Christian

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Chris·tian

(kris'chĕn),
References in classic literature ?
While we rejoice that the principles of genuine Christianity have so far triumphed over the prejudices of a former generation, let us fervently hope for the day when it will prove equally victorious over the malignant passions of our own.
Mediaevalism, with its saints and martyrs, its love of self-torture, its wild passion for wounding itself, its gashing with knives, and its whipping with rods - Mediaevalism is real Christianity, and the mediaeval Christ is the real Christ.
I am persuaded, however, that as these disclosures will by their very nature attract attention, so they will lead to something which will not be without ultimate benefit to the cause of Christianity in the Sandwich Islands.
said d'Urberville, his face blackening with something that was not Christianity.
Of course, it is one of the most absurd illusions of Christianity that they have souls.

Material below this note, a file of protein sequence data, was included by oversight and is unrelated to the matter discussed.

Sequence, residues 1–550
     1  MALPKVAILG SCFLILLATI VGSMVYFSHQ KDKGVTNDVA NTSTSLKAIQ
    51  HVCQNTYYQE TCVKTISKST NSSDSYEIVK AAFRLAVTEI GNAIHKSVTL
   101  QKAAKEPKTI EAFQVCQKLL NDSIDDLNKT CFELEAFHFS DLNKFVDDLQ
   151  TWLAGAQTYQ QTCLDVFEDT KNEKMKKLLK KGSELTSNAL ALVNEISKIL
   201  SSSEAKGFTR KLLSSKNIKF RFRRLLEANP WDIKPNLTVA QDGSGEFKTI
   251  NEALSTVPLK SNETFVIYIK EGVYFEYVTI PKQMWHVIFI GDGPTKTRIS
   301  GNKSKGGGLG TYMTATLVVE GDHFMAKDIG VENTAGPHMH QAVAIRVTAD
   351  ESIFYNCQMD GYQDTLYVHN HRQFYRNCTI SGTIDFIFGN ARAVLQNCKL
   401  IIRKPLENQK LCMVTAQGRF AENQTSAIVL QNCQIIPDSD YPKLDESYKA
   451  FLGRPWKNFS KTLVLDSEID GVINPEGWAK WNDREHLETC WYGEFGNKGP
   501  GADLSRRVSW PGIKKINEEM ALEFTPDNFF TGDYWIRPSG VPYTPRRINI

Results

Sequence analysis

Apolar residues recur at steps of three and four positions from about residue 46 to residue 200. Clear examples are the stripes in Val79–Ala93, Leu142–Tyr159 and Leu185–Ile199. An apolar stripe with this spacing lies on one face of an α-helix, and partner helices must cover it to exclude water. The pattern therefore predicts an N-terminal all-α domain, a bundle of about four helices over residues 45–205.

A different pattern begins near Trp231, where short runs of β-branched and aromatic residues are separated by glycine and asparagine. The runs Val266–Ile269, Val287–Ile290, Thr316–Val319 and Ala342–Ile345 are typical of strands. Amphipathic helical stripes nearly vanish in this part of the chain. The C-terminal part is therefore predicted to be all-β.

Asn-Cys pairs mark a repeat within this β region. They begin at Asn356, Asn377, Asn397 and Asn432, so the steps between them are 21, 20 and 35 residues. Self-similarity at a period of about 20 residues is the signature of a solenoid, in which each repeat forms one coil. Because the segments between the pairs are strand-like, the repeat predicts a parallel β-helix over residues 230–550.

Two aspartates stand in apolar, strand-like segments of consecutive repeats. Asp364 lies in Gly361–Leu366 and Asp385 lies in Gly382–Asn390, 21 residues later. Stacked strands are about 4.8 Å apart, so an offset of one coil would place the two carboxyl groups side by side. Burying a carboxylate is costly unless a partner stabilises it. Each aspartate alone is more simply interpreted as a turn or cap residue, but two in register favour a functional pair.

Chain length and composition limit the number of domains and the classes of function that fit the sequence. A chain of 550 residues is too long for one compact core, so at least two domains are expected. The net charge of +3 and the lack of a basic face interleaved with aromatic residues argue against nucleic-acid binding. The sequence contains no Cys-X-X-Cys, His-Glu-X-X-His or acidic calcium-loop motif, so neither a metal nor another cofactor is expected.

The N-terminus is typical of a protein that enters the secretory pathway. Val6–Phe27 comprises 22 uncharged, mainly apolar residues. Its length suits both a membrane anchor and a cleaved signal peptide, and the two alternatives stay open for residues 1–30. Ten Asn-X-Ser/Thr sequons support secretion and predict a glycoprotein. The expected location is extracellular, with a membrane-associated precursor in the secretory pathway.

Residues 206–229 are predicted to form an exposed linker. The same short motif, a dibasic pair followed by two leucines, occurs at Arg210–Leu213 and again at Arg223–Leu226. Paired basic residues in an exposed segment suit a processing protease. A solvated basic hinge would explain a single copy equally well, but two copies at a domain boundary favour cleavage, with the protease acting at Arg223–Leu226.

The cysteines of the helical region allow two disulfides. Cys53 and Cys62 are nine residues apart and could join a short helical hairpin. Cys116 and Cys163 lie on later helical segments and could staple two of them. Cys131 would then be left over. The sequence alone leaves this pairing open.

Philip had not found it necessary to impart to his relations the change in his views on Christianity which had occurred in Germany; they could not be expected to understand; and it seemed less trouble to go to church quietly.
He said that Freemasonry is the teaching of Christianity freed from the bonds of State and Church, a teaching of equality, brotherhood, and love.
He took Christianity for his religion, but it was rather as if he had put on an outer dress.
Secondly, that after the introduction of Christianity, there were wild men who lived in the mountains, and whose retreats were unknown to the more civilized inhabitants
to the beginning of the fifth, the island was a Roman province, with Latin as the language of the ruling class of Roman immigrants, who introduced Roman civilization and later on Christianity, to the Britons of the towns and plains.
With due submission to ecclesiastical discipline, and deference to the views of my superiors, I think that for some time to come we should be less exacting as to questions of doctrine, and rather endeavor to revive the sentiment of religion in the hearts of the intermediary classes, who debate over the maxims of Christianity instead of putting them in practice.
This can only be by his preferring truth to his past apprehension of truth, and his alert acceptance of it from whatever quarter; the intrepid conviction that his laws, his relations to society, his Christianity, his world, may at any time be superseded and decease.